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Pioneer, NOAA again offering weather radio receivers

DES MOINES, Iowa - In preparation for the upcoming severe weather season, Pioneer Hi-Bred International, Inc., and the National Oceanic and Atmospheric Administration are once again promoting the benefits of NOAA weather radio receivers. Through an awareness program started by Pioneer in 2003, more than 1,500 Pioneer customers and other rural residents now own potentially life-saving NWR receivers.

The company began promoting NWR receivers last spring and selling them at a substantial discount through the company’s Country Store on the GrowingPoint Web site – Last year, 940 desktop and 658 hand-held weather radios were purchased via the Country Store.

In support of the awareness program, a few Pioneer sales representatives ordered radios to give away within the communities where they live and work. Don Munson, Pioneer sales representative from Arcola, Ill., bought nearly 30 NWR receivers and offered them to his local church, school, library and several customers.

“I thought the radios made a useful gift that someone might not go out and purchase, but everyone should have,” remarks Munson. “Nearly everyone I gave a radio to said he or she had been meaning to get one or needed a new one to replace an older model.”

“Pioneer has always been committed to helping rural residents and their communities,” says Dean Oestreich, president of Pioneer. “The company has been a part of rural America for generations. That is why we feel it is our duty to promote the life-saving benefits of NOAA Weather Radio receivers to individuals that live in rural America, where other warning systems may not reach residents efficiently.”

Oestreich said that even in towns and cities, sirens may not effectively warn all residents. NWR receivers, however, can save lives by notifying users of approaching severe weather, particularly at night.

Pioneer encourages customers, rural residents and employees to place NWR receivers in their homes, farm shops and businesses. As part of this effort, Pioneer will continue to offer top-quality, programmable desktop and hand-held NWR receivers at a substantial discount on the company’s Country Store on the GrowingPoint Web site.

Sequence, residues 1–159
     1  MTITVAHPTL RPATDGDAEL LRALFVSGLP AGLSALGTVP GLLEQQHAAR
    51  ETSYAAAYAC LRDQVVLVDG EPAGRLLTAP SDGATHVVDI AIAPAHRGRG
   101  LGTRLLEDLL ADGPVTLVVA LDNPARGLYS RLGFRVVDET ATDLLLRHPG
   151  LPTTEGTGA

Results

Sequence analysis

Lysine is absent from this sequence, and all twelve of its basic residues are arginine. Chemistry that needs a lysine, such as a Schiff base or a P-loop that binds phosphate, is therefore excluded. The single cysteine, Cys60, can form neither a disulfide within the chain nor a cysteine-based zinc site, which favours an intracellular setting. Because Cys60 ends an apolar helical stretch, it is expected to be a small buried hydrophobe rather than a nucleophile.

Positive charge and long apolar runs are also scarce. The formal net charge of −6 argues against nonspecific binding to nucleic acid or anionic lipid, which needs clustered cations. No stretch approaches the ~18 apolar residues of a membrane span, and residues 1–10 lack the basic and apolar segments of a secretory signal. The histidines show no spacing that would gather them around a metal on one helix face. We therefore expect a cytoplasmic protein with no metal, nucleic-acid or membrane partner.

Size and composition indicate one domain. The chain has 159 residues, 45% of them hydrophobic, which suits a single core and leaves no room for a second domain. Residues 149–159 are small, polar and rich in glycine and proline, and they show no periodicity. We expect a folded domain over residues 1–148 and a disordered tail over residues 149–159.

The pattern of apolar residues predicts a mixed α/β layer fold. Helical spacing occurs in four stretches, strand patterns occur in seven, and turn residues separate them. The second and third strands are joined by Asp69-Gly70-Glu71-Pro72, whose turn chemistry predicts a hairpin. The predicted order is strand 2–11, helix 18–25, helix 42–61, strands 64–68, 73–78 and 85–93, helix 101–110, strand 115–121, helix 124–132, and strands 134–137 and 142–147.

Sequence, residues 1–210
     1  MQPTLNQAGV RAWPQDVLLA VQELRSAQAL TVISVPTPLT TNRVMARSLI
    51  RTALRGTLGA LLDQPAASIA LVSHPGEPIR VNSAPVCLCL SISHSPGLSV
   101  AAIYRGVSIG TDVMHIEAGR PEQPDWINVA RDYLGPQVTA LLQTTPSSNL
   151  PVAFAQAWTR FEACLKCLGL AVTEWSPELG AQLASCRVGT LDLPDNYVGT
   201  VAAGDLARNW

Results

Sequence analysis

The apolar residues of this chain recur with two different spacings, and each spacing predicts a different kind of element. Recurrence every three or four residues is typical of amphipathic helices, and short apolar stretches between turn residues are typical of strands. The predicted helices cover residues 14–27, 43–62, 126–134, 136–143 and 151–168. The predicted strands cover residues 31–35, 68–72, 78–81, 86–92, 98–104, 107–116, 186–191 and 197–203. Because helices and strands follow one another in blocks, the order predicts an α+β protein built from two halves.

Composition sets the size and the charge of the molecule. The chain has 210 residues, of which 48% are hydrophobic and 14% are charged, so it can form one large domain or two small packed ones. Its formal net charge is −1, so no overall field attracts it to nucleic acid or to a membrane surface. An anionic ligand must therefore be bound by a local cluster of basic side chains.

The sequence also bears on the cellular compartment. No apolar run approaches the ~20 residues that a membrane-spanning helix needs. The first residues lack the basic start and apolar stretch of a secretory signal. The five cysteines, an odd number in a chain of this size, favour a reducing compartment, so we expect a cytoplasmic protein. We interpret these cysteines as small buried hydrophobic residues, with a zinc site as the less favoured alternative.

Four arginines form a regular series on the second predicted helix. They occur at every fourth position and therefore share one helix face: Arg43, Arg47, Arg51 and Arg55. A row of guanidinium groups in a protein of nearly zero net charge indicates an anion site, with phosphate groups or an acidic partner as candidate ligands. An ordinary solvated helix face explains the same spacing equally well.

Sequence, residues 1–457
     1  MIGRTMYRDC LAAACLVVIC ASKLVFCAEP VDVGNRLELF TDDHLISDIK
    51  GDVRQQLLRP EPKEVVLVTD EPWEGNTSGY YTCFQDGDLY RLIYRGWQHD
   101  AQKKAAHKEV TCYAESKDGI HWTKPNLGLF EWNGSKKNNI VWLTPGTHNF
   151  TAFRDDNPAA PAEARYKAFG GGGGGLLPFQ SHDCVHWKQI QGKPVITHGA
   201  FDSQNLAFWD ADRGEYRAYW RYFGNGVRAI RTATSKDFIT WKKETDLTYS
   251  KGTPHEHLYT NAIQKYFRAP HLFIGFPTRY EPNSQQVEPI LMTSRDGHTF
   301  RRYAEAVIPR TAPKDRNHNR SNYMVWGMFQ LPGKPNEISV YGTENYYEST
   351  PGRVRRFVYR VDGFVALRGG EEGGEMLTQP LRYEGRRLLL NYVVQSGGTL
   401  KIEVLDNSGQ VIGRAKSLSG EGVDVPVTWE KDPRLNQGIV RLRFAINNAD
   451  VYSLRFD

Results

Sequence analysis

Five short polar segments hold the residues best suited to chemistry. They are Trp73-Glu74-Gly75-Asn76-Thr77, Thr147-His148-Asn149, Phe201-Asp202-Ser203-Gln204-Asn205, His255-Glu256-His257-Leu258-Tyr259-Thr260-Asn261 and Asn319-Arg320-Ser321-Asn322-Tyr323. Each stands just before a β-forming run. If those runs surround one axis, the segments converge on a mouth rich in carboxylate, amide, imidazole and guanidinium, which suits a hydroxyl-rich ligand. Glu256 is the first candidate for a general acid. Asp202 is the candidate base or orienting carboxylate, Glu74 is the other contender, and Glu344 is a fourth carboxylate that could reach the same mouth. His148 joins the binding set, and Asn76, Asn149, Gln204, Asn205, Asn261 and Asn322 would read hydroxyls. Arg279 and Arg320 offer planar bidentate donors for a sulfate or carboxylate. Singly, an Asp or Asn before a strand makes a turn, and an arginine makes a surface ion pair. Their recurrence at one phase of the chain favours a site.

A username and password are required to gain access to the GrowingPoint website. Pioneer customers can obtain that information by contacting a Pioneer sales representative or calling 1-800-233-7333. Misplaced or forgotten login information can be obtained the same way. Non-customers of Pioneer can gain access to the Country Store online by completing a registration form on the GrowingPoint website.

“In addition to preventing injury and loss of life, weather radios can help Pioneer customers better manage their operations by alerting growers to potentially damaging rain, hail and winds,” Oestreich elaborates.

Continuous daily weather broadcasts from NOAA also provide information that helps growers manage their livestock operations for extreme heat or cold and their field operations for ideal application conditions.

With more than 850 transmitters covering 50 states, NWR continuously broadcasts weather information from the National Weather Service, which can reach more than 90 percent of U.S. residents. In addition, NWR broadcasts natural and technological hazards, including severe weather warnings, watches and forecasts 24 hours a day on seven public service radio frequencies.

A NWR radio receiver or scanner is required to pick up the radio signal and receive the NWR information. In case of severe weather, NWR receivers are triggered by the National Weather Service to emit an alarm. NWR also now broadcasts information from the Federal Communications Commission’s Emergency Alert System, such as AMBER Alerts, terrorism alerts or hazardous material spills.

One of the features of the new NWR receiver models is the Specific Area Message Encoding (SAME) technology. With SAME, users can program radios to receive emergency information for a selected area, such as a local county or an area of a county, thus preventing unwanted alerts.

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